Early in my career, I became familiar with the term “single point of failure” — a part of a system that, if it fails, will bring the entire system to a halt. Most companies deliver performance reviews rooted in just that: A single point of failure. The belief that a fair and accurate performance review can be delivered by one manager once per year is, unfortunately, not quite true.
No manager, no matter how closely she works with her team, has the time to accurately capture and record all the information necessary to give a truly comprehensive performance review.
What’s worse, some managers come to the table with pre-existing biases — both positive and negative — that can colour their view of a direct report.
The limitations of a single manager’s point of view represent a single point of failure that can hold back an employee’s growth (or conversely, lead to a promotion beyond his capabilities). In turn, this misuse of human resources can damage an entire organization.
Fortunately, modern technologies and changes in the way human beings interact and gather information are creating a better solution: The “crowdsourced” performance review.
Crowdsourcing is widely understood as the gathering of information from many personalized, open and transparent sources — think Yelp, Angie’s List or TripAdvisor. Just as a diverse selection of feedback from fellow travellers, homeowners or diners provides, in aggregate, a clear and accurate overall perception of an experience, feedback from all of an employee’s peers provides a better source for employee evaluation and recognition than a single manager’s viewpoint.
The ability to review and consult the data provided by crowdsourcing gives managers a much larger (and much less subjective) data set to draw on when evaluating performance. This increased level of detail leads to more accurate performance reviews that are more motivating for employees, yield better performances and generate more overall workplace happiness.
Let’s take a look at how crowdsourced performance reviews work.
Social recognition programs
At the core of the crowdsourced performance review is the software that powers a “social recognition program.” It provides real-time performance data for every employee in an organization. One of the advantages is the information generated can be searched retroactively (unlike verbal employee-to-employee recognition).
That means that just as social media watchers mine for information — such as terms that were trending during a given event — managers can retroactively go over the data and see which employees received the most positive recognition from their peers during a given project — in other words, it identifies the “trending” employees.
When the time comes for annual performance reviews, managers can dig into this enormous cache of data and use it to inform their conclusions about their direct reports. Instead of having to rely solely on their own subjective points of view, they can cross-reference their perspectives with hard data provided by the employee’s co-workers.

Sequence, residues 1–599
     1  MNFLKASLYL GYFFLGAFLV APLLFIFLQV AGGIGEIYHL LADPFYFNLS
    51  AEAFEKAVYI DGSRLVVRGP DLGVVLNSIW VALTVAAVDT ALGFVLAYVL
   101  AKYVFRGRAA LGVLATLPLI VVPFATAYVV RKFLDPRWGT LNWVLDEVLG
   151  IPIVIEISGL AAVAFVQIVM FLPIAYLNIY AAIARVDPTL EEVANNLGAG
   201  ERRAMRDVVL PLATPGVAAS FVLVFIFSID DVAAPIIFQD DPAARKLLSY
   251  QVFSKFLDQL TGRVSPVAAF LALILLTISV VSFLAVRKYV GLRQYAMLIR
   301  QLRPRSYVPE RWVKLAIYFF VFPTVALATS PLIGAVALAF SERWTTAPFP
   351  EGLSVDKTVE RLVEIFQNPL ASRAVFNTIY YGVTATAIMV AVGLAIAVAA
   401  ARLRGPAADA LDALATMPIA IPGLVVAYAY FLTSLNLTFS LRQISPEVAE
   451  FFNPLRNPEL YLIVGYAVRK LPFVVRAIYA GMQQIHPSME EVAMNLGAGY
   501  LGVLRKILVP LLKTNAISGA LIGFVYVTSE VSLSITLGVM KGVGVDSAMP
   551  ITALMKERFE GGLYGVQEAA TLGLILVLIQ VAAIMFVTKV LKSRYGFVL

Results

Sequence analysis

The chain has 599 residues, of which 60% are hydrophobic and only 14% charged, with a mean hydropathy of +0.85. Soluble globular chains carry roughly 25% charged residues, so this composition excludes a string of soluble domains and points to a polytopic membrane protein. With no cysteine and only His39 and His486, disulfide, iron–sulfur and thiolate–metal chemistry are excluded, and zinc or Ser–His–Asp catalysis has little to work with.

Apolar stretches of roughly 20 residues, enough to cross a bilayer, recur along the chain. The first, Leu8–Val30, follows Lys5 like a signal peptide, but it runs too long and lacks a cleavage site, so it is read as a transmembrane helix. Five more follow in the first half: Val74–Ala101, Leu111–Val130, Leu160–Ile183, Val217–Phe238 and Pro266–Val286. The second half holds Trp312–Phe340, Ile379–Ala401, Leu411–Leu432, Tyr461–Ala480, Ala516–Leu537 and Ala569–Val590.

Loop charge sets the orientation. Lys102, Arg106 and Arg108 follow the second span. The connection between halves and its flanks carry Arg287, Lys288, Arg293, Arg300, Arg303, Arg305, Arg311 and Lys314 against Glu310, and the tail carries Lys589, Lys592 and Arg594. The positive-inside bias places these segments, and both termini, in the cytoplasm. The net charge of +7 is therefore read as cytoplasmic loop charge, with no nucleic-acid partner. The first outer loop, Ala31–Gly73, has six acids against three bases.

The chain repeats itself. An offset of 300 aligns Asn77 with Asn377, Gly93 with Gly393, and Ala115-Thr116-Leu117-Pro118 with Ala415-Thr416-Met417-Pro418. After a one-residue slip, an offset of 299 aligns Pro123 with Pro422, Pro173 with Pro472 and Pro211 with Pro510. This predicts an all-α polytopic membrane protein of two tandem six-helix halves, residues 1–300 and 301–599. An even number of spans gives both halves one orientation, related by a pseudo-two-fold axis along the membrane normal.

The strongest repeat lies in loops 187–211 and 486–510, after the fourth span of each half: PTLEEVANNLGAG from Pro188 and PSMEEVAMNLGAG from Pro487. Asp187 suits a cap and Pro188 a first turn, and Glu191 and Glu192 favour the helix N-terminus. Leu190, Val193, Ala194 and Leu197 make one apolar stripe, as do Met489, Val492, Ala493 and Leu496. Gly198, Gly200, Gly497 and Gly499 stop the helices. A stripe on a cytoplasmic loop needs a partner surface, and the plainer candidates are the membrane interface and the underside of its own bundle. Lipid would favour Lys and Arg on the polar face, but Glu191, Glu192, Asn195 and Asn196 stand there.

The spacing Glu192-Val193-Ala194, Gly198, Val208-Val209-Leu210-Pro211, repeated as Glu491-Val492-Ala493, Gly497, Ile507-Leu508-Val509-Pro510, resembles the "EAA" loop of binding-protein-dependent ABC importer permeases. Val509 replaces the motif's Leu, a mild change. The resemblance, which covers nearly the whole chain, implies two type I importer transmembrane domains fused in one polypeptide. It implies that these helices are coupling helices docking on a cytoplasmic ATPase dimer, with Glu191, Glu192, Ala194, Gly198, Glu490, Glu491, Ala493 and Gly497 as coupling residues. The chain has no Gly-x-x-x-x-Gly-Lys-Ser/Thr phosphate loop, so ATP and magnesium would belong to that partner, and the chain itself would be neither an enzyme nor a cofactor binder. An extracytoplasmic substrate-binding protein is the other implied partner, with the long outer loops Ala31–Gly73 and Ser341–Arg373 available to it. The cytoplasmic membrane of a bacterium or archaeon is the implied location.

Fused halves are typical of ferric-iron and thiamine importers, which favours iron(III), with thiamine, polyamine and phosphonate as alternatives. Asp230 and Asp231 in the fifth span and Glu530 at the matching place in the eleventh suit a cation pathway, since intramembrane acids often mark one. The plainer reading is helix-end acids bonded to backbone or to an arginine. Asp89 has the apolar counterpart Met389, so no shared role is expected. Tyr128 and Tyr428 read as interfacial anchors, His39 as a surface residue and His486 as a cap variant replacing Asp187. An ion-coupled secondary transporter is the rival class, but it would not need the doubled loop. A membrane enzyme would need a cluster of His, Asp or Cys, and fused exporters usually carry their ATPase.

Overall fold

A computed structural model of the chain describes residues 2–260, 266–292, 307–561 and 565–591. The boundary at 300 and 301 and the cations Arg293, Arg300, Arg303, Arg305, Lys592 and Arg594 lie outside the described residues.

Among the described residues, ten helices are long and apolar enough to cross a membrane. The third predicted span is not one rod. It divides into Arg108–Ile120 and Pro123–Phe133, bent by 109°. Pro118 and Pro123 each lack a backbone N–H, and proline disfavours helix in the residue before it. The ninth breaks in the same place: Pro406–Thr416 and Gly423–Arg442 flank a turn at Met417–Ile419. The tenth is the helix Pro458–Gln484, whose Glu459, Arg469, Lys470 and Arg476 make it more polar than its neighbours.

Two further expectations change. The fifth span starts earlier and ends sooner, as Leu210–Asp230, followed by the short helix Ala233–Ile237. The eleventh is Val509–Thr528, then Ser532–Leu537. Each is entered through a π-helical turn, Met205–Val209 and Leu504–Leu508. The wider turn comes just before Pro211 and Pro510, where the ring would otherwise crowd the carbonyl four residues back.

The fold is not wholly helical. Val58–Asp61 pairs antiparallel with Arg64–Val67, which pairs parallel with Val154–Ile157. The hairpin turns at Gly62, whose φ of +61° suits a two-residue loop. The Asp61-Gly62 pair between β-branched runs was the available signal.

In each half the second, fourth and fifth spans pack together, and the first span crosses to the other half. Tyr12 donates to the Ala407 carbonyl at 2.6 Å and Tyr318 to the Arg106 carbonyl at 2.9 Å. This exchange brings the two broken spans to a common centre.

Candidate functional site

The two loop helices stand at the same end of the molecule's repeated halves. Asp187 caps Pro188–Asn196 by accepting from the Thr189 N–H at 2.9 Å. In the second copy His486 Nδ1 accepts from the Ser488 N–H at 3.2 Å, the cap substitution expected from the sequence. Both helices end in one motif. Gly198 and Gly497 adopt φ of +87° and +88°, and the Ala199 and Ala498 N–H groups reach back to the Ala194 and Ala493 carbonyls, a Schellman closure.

This not only removes the single point of failure but improves performance reviews across the board.
Motivation and performance
Because performance reviews take up such a small part of an employee’s time at the office, one might think that working so hard to improve them isn’t a good use of resources.
But 83 per cent of employees who are satisfied with their reviews are also satisfied with their jobs overall (versus only 55 per cent for those dissatisfied), according to the 2013 SHRM/Globoforce Employee Recognition Survey.
This correlation shouldn’t be ignored. It’s common knowledge that satisfied employees are more motivated, more productive and less likely to leave for another job — and clearly satisfaction with performance reviews plays an important role in their overall happiness.
This is where the company culture part of a social recognition system comes in. Beyond improving periodic performance reviews, social recognition systems also help create what Globoforce CEO and author Eric Mosley calls a “positivity dominated workplace.”
When employees understand their greatest potential for reward comes not from impressing their boss but from regularly earning recognition from their peers, they’re automatically incentivized to work as a team.
The rewards system is no longer based solely on the small portion of an employee’s work that her boss directly observes, but the constant feedback of her teammates.
The result is a workforce that is always looking for ways to leave a positive impression and help out their peers — because they know their boss will be using co-worker feedback to inform their performance review. Additionally, social recognition systems provide a stream of real-time public appreciation for employees.
While this may seem unimportant, it’s actually critical to employee motivation — fully 88 per cent of employees who receive regular peer feedback are satisfied with their jobs, found the Globoforce survey of more than 800 HR leaders and practitioners.
Fixing the review
Despite the significant level of innovation that’s occurred around compensation and recognition over the past few decades, performance reviews have remained relatively stagnant.
Crowdsourced reviews offer the possibility to change performance reviews from a single-source, once-a-year ritual into a real-time stream of positive feedback powered by a social recognition system, improving employee morale, productivity and overall satisfaction.
The world is evolving around the performance review — it’s time the review caught up.
Chris French is vice-president of customer success at employee recognition provider Globoforce in Toronto. He can be reached at firstname.lastname@example.org or, for more information, visit www.globoforce.com.